Friday, 4 October 2013

Deep thought Friday

Resolving line of sight through areas like forest is a challenge in tabletop gaming. Trees? Or wood?

Heard of mycorrhizas? Turns out most plants are bonded at their root
with a fungus, symbiotically. The fungus sends minerals up from the earth; the leaves send sugars down. Can these be divided?

We thought a tree was a tree - now we know it's more. But we still say 'tree', as if it's one, alone. How much interconnection does language hide..?


John Till said...

"Better watch out for the skin deep." Deleuze and Guattari introduced the distinction between rhizomatic and arborescent systems based on similar assumptions about a strong dichotomy between the rival structures/systems. It's interesting when we see them working together ignoring the rules.

Porky said...

Mother nature must have a good chuckle at us from time to time, and who knows what the other personifications would think. I'd say we're getting there, but it may be that some of us got there a long time ago, maybe thousands, possibly tens or hundreds of thousands of years ago, even if aware of it only for a fleeting moment or two. We might be there now if only we work through to it.

A starting point for anyone wondering what's going on. And have a watch of these too.

Trey said...

It is really remarkaable, the disconnectedness of organisms and microorgranisms. We're all ecosystems, really.

The Warlock said...

Very, very interesting.

I must say I delved a bit into the series of links before posting. In direct answer to the question of dividing the individual symbionts, most likely. Survival after separation though is another matter. Given enough time, how long until we cannot determine where the fungi ends and the plant begins?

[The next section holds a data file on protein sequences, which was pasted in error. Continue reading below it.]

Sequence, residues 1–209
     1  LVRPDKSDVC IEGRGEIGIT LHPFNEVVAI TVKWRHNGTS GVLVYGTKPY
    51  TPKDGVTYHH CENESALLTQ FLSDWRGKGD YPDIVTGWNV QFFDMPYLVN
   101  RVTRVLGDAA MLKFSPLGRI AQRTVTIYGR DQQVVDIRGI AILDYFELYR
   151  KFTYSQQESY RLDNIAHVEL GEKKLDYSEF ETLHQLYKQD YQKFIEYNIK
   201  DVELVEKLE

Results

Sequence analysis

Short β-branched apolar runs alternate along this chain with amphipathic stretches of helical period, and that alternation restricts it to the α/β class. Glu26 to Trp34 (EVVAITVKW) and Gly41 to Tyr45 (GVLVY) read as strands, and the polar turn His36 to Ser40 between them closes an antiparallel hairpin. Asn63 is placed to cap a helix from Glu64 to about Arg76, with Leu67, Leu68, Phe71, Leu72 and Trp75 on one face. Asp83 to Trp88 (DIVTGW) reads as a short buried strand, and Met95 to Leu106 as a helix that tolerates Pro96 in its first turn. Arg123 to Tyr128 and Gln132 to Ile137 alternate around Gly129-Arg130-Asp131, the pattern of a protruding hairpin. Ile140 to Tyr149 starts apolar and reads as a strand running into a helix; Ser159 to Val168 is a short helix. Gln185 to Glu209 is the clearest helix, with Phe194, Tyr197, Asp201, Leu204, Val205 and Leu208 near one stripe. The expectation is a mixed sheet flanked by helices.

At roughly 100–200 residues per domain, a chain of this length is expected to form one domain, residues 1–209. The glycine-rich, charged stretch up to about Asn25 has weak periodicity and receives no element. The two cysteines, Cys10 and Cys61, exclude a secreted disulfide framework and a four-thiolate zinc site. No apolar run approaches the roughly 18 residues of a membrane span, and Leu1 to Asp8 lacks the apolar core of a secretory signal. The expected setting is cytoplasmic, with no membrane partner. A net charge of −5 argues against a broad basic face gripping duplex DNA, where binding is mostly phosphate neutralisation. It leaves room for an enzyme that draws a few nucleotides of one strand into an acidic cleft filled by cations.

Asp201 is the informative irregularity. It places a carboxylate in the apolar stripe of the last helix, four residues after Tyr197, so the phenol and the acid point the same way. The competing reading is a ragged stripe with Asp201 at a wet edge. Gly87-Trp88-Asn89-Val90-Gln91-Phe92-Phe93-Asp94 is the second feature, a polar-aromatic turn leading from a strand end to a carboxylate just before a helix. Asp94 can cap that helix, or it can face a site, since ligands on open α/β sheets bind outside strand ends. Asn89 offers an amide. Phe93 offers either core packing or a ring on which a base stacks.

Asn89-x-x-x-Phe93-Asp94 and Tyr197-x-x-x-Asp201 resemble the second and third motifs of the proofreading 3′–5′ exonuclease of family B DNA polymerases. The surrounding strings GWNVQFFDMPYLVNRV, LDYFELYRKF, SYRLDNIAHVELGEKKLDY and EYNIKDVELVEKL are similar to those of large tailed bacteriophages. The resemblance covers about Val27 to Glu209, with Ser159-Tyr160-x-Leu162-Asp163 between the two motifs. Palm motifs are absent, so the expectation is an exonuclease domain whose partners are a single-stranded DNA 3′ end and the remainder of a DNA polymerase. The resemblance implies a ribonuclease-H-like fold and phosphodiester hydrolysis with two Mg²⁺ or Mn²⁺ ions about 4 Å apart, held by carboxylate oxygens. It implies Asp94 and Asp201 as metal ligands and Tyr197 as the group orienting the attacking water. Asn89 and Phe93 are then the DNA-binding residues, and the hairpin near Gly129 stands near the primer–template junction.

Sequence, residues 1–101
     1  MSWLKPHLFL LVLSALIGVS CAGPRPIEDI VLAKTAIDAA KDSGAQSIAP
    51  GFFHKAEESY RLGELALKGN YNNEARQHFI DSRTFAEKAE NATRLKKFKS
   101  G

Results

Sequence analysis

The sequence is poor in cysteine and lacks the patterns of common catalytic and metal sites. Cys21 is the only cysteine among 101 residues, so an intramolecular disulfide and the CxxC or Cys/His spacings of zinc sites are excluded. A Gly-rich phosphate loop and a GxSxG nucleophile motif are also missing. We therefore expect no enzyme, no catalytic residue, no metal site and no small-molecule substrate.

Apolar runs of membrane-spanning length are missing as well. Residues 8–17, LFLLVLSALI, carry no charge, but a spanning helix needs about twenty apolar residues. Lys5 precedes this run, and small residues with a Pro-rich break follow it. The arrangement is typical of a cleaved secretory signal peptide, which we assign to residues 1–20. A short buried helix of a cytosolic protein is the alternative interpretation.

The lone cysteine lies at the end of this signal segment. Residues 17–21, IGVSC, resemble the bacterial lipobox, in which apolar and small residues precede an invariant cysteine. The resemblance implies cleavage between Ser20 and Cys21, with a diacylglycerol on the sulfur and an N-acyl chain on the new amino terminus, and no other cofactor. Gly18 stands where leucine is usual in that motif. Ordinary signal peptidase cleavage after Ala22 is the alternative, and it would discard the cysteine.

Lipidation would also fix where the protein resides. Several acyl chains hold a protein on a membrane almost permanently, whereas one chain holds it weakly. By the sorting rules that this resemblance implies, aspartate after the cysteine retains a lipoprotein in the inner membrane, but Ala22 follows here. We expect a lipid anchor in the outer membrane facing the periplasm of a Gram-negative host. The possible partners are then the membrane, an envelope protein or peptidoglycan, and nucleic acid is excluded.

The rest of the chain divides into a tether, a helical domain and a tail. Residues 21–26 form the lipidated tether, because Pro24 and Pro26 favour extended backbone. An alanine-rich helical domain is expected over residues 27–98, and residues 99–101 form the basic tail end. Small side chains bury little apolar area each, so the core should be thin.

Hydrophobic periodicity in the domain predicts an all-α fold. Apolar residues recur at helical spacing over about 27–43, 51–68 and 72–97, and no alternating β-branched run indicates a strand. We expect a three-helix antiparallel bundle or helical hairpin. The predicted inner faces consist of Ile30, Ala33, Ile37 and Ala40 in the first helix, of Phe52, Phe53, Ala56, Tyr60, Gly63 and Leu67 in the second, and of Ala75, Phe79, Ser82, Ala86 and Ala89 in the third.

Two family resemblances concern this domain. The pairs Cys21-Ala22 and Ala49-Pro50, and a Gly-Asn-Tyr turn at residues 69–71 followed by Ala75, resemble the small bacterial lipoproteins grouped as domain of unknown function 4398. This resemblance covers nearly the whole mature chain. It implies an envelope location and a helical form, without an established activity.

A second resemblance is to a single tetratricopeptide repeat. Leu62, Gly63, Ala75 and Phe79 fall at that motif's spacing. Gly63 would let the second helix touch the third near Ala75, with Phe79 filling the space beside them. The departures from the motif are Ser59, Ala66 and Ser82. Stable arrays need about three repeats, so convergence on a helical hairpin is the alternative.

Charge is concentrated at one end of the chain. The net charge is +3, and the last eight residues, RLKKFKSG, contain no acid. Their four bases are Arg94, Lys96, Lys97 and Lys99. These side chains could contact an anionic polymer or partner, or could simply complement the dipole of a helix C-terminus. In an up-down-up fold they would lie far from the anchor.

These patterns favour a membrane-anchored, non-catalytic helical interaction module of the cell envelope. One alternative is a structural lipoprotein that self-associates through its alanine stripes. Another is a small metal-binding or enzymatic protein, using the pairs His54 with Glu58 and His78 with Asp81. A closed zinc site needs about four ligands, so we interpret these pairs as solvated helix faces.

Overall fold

Language and indeed knowledge are constantly evolving in a not-dissimilar to endosymbiosis (latin and ancient greek could be analogous to chloroplasts and mitochondria within the eukaryote of the English language).

Porky said...

That's plenty more to think about.

On the subject of language, I was out in an old park today and I got to wondering how often a fungus could link the root networks of more than one tree. This creature is famous, and they do stretch out. I got to wondering whether a single span linking several trees, or more, could allow a form of interaction between them, communication of what might amount to warnings for example. The speculation seems reasonable if there is horizontal nutrient transfer.

Behaviour like that might be reinforced by natural selection, especially in dense woodland where species drop seeds rather than distribute them on the wind, and so form tight, more closely-related communities sharing more of their problems. On a larger scale maybe hive-like behaviour?

Linked with that, here's something else to ponder - it comes near the end.